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Posted in Inside the Bills

Double workout for Corner

Posted by Chris Brown on June 6, 2011 – 1:31 pm

Monday is apparently double workout day for Reggie Corner.

The Bills cornerback said as much on his twitter account today (Monday).

reggiecorner27 Jus finish a good workout session @concordStrength , another 1more to go at 3:30 @TheUniversityOfAkron. #ImOnOne

Posted in Inside the Bills

Fan Friday 10-29

Posted by Chris Brown on October 29, 2010 – 12:45 pm

Bills offense exploded last week. Gotta hope for more of the same against a Chiefs weak pass defense. Could be another shootout this week. Keep your questions coming at Now to your questions for this week.

1 – Hey Chris,
I was writing in regards to the comments made by Ralph Wilson about persuing a QB next year. Do you think that was a shot at Fitz? I think Fitz is doing an excellent job of hanging in there and making some plays when everyone else is falling apart. I think the number one priority definitely needs to be defense. This is the second straight year they can’t even come close to stopping the run. I mean Fitz has been putting up points and enough to win if your defense is anywhere near respectable.

What do you think we need to focus on in terms of personel for next year? I know Fitz probably won’t be the guy for the next ten years but I see much bigger holes to fill that even Tom Brady couldn’t win with.

CB: There’s no question that the defense has more holes to fill than the offense, but I believe that two of the top three most important positions on a football team are quarterback and left tackle along with a top flight pass rusher. All three remain holes for this team to fill.

Yes, Fitz has been on a tear and he’s remarkably effective in organizing the protections while also surveying the coverage pre-snap. After the Baltimore game some are tabbing him the future QB. I say let’s let the last 10 games play out before anyone passes judgment as to what the plan should be at QB.

The bottom line though is I remain convinced that QB, pass rushing OLB and LT all need to be addressed in this draft first and foremost.

2 – How’s Ed Wang doing? You hardly ever hear about him, is he working with the team? He sounds big enough to keep some of those people off our QB.In Fla we hear nothing about the Bills. So I go to Buffalo on the computer. I haven’t heard anything about Ed. Hope he is helping out???

CB: Ed Wang has been practicing with the team since the start of the regular season coming off of thumb surgery after suffering the injury early in camp. He missed the entire preseason and had to practice with a giant club on his hand.

In the last two weeks he’s shed the club and is practicing normally with the thumb. All that being said, Wang had been working for about a month at guard and this week was transitioned back to tackle. Head coach Chan Gailey has told me they’re cross training him to see where he might fit best.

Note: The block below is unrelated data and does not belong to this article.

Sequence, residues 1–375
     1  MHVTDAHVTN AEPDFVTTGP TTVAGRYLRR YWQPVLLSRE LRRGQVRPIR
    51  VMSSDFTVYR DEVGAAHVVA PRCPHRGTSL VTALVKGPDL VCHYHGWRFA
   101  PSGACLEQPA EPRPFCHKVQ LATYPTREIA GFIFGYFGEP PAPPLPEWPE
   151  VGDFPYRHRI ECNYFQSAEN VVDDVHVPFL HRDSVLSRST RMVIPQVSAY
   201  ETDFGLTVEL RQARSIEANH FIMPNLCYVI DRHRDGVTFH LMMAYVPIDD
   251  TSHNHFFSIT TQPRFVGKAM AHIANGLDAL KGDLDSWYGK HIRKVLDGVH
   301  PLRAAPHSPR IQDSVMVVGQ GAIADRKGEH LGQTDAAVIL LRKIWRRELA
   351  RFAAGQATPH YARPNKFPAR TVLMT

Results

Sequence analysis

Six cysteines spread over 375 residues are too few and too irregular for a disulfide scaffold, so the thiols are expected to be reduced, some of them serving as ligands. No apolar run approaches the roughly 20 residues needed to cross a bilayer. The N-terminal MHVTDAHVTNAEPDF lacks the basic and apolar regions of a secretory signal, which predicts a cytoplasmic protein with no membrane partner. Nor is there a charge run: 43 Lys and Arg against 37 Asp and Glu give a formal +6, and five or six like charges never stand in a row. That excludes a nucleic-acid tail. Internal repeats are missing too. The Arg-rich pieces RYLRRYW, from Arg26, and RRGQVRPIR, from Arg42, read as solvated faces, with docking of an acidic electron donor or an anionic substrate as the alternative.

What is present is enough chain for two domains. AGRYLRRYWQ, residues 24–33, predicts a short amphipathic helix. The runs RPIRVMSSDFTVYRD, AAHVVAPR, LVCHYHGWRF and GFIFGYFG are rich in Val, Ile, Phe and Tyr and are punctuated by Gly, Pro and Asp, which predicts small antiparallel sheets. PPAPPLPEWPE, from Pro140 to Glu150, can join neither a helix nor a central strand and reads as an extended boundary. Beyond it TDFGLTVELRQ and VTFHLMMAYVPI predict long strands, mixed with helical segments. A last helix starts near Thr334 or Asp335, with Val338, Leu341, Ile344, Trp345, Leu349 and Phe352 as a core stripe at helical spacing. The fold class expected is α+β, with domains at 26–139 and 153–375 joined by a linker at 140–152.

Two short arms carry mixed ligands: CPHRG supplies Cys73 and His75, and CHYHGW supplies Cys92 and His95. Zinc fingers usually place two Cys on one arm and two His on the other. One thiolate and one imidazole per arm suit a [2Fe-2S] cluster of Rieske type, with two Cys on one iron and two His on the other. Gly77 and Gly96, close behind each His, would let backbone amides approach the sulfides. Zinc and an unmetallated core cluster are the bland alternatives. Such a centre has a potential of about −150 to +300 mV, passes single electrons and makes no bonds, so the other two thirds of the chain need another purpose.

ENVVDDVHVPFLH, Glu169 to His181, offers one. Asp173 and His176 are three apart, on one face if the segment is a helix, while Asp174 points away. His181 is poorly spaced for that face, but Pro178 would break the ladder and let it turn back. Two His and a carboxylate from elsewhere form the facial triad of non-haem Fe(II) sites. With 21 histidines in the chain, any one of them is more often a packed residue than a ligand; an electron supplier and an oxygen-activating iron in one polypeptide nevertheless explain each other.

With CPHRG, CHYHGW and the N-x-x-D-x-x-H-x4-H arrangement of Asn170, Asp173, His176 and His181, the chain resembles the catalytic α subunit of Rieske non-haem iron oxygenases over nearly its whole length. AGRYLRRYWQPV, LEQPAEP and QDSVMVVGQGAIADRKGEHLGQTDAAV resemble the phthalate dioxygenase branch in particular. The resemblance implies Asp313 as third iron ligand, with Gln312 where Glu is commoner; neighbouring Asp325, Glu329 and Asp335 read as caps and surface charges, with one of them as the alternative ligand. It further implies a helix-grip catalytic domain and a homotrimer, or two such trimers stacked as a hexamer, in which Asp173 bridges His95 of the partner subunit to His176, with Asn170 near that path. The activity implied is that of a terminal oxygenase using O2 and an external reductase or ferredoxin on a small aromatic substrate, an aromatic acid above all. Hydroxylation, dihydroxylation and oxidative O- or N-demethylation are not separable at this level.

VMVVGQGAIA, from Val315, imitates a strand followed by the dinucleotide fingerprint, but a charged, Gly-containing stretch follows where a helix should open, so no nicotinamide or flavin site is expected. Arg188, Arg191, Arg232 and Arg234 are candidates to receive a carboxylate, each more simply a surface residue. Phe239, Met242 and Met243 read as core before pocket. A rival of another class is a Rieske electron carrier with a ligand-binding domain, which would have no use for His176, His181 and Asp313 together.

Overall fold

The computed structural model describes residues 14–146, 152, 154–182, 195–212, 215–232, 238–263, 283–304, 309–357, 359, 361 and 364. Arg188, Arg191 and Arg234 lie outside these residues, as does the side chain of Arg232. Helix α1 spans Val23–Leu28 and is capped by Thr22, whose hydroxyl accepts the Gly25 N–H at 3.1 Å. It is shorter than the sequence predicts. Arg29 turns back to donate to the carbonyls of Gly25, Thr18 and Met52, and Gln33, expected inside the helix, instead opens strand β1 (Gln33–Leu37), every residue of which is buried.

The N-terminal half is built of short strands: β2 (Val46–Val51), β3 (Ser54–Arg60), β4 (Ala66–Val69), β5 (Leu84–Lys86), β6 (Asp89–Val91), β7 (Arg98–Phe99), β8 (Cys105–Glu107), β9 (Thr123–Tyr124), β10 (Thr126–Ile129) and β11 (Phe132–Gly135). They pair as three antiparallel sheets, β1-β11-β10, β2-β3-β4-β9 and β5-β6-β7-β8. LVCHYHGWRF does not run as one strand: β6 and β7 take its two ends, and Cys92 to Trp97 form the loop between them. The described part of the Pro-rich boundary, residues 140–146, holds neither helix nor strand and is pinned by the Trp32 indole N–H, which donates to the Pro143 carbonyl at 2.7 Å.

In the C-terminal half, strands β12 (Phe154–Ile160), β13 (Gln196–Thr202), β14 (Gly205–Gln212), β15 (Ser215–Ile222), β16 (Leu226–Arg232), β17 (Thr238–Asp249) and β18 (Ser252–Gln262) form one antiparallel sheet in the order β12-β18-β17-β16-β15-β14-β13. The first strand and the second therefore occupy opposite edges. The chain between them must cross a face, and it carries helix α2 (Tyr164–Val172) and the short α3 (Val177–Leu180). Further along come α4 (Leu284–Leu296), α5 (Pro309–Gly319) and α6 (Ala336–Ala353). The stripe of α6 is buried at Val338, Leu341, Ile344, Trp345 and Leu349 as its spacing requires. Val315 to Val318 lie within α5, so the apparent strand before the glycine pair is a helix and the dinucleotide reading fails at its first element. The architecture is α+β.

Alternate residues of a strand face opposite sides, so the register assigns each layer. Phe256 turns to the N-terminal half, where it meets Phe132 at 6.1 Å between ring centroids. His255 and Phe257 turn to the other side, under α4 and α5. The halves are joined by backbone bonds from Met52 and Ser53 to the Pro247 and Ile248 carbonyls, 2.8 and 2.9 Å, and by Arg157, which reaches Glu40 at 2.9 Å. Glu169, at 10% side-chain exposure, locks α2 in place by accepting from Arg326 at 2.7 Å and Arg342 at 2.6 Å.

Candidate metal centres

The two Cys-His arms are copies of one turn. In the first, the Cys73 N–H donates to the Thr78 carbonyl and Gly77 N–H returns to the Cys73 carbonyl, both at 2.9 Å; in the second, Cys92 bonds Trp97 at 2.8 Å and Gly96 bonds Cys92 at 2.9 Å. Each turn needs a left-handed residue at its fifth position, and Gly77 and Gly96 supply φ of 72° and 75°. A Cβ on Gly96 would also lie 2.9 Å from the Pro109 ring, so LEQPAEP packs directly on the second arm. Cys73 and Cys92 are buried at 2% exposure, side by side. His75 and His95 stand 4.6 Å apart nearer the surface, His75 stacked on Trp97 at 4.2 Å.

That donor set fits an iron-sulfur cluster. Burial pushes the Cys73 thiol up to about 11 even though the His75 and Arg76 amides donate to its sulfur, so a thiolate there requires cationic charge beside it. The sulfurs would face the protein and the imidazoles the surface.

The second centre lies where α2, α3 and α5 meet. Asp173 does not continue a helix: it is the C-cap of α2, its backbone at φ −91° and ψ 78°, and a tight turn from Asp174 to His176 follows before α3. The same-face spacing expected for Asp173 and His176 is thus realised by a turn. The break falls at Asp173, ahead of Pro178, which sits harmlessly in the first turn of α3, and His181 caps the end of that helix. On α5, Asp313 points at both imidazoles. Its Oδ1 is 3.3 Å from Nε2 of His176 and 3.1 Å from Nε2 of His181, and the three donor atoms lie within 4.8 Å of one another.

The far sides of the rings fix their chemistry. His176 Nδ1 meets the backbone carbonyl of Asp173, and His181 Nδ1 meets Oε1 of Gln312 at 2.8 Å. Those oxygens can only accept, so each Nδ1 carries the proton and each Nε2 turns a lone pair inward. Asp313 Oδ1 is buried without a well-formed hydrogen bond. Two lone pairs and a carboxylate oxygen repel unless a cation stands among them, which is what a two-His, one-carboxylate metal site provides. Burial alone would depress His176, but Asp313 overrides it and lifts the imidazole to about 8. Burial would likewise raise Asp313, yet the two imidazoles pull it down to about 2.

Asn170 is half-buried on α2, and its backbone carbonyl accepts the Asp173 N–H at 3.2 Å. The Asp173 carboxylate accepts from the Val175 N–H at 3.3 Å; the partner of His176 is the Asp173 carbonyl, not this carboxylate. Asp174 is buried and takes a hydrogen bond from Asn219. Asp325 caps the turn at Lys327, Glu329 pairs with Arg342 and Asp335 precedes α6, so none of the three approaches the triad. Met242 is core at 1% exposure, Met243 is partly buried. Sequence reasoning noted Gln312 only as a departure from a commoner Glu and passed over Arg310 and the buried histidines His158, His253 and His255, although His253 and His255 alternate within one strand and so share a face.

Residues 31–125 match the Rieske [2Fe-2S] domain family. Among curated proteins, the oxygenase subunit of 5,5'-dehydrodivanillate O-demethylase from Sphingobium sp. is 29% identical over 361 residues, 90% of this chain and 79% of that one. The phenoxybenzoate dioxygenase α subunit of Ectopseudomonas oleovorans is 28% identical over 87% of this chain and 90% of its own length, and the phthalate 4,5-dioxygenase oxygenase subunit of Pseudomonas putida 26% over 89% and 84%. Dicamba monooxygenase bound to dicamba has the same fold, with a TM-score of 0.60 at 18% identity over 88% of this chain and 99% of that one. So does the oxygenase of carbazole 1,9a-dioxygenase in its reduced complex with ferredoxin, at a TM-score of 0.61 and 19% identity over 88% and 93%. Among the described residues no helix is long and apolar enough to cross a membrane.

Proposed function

However, I don’t expect to see him on the field on Sundays this season. He’s got an awful lot to learn and missed an inordinate amount of time (the whole preseason) due to thumb surgery. This will be a learning year for him and little more unless there’s a rash of injuries on the offensive line.

3 –  Chris,
I cannot understand how Reggie Corner’s interception at the end of the first half against the Ravens wasn’t awarded to the Bills.  Did the NFL ever issue a statement explaining the call?  I understand that only one of Corner’s feet touched the ground and the other one landed on Boldin’s shin, then he basically landed in Boldin’s lap and rolled out of bounds.  But if Boldin is in the field of play, shouldn’t his body also be considered part of the field of play?  If the rule states that a defender’s body isn’t part of the field of play, then, hypothetically, when a receiver jumps to make a catch, a defender could catch the defender while he’s in the air and carry him out of bounds.  Couldn’t he?  Is there anything in the rule book that would prevent this from occurring?  Any clarification you could give would be greatly appreciated. 
-Brendan, Las Vegas

CB: You hypothetical situation is correct. The force out rule, which was amended prior to the 2009 season allows a defender to carry a player out of bounds preventing the receiver from getting two feet down in bounds and is an incomplete pass.

With respect to Reggie’s INT play in the end zone against the Ravens, the NFL rule book states the following under Rule 3, Section 6, Article 7 under Interception/Recover
Note 3: If a player would have caught, intercepted, or recovered a ball inbounds, but is
carried out of bounds, player possession will be granted (8-1-3 item 6).

In referencing Rule 8, Section 1, Article 3 – item 6 as stated in parentheses it states the following.
Item 6: Carried Out of Bounds. If a player, who is in possession of the ball, is held